U.S. Supreme Court
Corning Glass Works v. Brennan, 417 U.S. 188 (1974)
Corning Glass Works v. Brennan
Argued March 25, 1974
Decided June 3, 1974
417 U.S. 188
Male employees at the Corning Glass Works (Corning) previously performed night shift inspection and were paid more than females, who performed the day shift inspection. A plant-wide shift differential that subsequently came with unionization was superimposed on the existing base-wage difference between male night inspectors and female day inspectors. Thereafter, beginning June 1, 1966, Corning began to open up night shift jobs for women, who, on an equal seniority basis with men, were able to bid for the higher paid night inspection jobs as vacancies occurred. On January 20, 1969, a new "job evaluation" system for setting wage rates took effect, under which all subsequently hired inspectors were to receive the same base wage (which was higher than the previous night shift rate) regardless of sex or shift. Employees hired before that date, however, when working night shift, were to continue to receive a higher ("red circle") rate, thus perpetuating the previous differential in base pay between day and night inspectors. The Secretary of Labor brought these actions for backpay and injunctive relief against Corning, claiming that violations of the Equal Pay Act of 1963 had occurred at its Corning, N.Y. (No. 73-29), and Wellsboro, Pa. (No. 73-695), plants. In No. 73-29, the District Court granted relief, and the Court of Appeals for the Second Circuit affirmed, concluding that Corning's practice violated the Act, while the District Court in No. 73-695 held that the Act had not been violated, and the Court of Appeals for the Third Circuit affirmed. In order to establish a violation of the Act, it must be shown that an employer pays different wages to employees of opposite sexes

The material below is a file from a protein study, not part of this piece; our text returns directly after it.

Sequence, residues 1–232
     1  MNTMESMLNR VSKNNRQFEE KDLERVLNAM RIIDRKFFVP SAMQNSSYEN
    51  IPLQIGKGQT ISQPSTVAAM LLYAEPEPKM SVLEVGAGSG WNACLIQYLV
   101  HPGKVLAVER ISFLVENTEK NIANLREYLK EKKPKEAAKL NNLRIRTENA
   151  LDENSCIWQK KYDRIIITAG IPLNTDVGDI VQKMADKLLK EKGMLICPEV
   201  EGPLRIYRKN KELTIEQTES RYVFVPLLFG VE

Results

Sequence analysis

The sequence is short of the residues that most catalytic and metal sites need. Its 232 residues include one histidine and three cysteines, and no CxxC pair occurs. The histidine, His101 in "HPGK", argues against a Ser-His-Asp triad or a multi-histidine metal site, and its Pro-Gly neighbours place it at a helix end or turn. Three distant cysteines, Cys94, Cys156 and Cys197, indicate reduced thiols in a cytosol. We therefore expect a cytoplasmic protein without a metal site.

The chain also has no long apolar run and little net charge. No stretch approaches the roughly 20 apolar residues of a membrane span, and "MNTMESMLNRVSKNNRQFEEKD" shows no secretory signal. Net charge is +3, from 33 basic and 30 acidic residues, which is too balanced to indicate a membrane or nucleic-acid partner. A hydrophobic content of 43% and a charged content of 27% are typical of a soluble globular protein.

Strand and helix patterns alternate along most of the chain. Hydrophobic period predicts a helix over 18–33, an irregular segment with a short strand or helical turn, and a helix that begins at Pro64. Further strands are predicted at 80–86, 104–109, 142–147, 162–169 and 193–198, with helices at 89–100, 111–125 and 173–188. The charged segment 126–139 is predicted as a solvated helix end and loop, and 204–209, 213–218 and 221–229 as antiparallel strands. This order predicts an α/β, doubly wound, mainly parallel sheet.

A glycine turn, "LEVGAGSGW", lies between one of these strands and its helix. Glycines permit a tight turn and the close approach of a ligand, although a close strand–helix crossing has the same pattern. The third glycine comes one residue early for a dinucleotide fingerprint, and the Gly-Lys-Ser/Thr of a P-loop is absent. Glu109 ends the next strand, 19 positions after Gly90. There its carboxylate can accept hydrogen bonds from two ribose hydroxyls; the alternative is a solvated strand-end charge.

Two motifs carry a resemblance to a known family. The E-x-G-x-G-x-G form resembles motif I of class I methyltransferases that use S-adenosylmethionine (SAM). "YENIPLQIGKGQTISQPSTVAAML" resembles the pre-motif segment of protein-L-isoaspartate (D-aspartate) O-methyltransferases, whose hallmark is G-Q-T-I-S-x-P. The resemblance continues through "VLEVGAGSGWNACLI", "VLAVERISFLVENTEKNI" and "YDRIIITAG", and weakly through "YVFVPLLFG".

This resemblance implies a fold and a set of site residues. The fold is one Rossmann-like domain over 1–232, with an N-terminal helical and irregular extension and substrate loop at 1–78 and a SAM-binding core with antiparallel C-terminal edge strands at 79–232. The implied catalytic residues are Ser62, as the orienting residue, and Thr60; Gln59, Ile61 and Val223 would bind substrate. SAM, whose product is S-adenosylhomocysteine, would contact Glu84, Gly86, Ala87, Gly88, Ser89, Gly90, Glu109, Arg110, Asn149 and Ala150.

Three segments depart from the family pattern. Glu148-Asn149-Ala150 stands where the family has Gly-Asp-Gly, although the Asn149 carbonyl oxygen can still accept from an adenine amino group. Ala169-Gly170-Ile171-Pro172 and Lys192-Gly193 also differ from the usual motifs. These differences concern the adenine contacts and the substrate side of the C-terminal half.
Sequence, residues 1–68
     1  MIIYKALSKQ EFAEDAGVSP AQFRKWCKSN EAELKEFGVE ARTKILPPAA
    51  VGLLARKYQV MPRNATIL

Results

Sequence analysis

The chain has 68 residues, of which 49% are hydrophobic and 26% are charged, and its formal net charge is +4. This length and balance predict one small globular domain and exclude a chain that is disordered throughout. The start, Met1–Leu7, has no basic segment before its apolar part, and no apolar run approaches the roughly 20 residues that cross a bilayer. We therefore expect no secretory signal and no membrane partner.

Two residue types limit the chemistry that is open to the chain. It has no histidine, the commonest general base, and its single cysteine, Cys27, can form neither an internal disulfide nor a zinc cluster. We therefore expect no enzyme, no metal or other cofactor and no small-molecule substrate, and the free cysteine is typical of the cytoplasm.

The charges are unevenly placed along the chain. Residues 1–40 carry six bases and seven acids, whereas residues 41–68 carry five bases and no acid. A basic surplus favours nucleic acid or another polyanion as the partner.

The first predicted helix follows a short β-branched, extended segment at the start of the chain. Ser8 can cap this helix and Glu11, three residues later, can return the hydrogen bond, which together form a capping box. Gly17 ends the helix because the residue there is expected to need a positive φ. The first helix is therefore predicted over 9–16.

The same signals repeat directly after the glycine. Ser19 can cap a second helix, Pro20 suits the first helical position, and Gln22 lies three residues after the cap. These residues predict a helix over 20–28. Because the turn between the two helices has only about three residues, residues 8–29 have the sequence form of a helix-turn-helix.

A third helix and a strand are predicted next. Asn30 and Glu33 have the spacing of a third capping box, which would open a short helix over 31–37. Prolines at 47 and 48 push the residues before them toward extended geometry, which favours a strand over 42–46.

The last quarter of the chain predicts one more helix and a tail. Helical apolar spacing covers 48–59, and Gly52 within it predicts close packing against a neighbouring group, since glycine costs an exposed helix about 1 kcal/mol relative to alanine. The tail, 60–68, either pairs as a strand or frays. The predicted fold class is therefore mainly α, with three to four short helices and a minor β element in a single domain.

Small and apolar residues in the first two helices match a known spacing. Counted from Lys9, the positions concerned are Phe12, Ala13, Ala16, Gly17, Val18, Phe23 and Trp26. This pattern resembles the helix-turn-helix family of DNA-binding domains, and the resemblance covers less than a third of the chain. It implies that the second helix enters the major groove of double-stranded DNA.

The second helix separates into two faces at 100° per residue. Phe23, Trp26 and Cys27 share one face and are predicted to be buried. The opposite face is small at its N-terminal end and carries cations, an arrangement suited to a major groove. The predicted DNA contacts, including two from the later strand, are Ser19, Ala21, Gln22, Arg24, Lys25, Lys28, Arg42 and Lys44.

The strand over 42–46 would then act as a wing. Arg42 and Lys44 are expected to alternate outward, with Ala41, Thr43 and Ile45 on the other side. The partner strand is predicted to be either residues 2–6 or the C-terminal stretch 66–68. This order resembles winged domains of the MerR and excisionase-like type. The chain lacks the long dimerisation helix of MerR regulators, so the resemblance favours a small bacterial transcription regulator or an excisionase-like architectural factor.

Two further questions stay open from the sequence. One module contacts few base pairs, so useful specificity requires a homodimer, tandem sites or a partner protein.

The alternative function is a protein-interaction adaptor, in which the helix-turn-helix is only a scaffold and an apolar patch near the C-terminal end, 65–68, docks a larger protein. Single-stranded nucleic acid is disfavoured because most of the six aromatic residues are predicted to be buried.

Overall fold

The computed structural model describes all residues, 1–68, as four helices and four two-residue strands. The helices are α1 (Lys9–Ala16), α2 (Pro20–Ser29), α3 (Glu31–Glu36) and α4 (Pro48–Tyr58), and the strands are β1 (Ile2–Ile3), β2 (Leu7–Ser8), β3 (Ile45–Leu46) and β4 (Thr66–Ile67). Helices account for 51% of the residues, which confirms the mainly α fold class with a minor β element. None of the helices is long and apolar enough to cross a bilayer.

"for equal work on jobs the performance of which requires equal skill, effort, and responsibility, and which are performed under similar working conditions, "
except where the difference in payment is made pursuant to a seniority or merit system or one measuring earnings by quantity or quality of production, or where the differential is "based on any other factor other than sex."
1. Corning violated the Act during the period from its effective date to June, 1966. Pp. 417 U. S. 195-205.
(a) The statutory term "working conditions," as is clear from the Act's legislative history, encompasses only physical surroundings and hazards, and not the time of day worked. Pp. 417 U. S. 197-204.
(b) The record amply supports the conclusion of the District Court in No. 73-29 that Corning had not sustained its burden of proof that the higher base wage for pre-June 1966 all-male night inspection work was, in fact, intended to serve as added compensation for night work, and thus was based on a "factor other than sex." Substantial evidence showed that the differential arose simply because men would not work at the low rates paid women inspectors, and reflected a job market in which Corning could pay women less than men for the same work. Pp. 417 U. S. 204-205.
2. Corning did not cure its violation in June, 1966, by permitting women to work as night shift inspectors, since the violation could not have been cured except by equalizing the base wages of female day inspectors with the higher rates paid the night inspectors. Pp. 417 U. S. 205-208.
3. The violation was not cured in 1969, when Corning equalized day and night inspector wage rates, since the "red circle" rate perpetuated the discrimination. Pp. 417 U. S. 208-210.
MARSHALL, J., delivered the opinion of the Court, in which DOUGLAS, BRENNAN, WHITE, and POWELL, JJ., joined. BURGER, C.J.,and BLACKMUN and REHNQUIST, JJ., filed a dissenting statement, post, p. 417 U. S. 210. STEWART, J., took no part in the consideration or decision of the cases. chanroblesvirtualawlibrary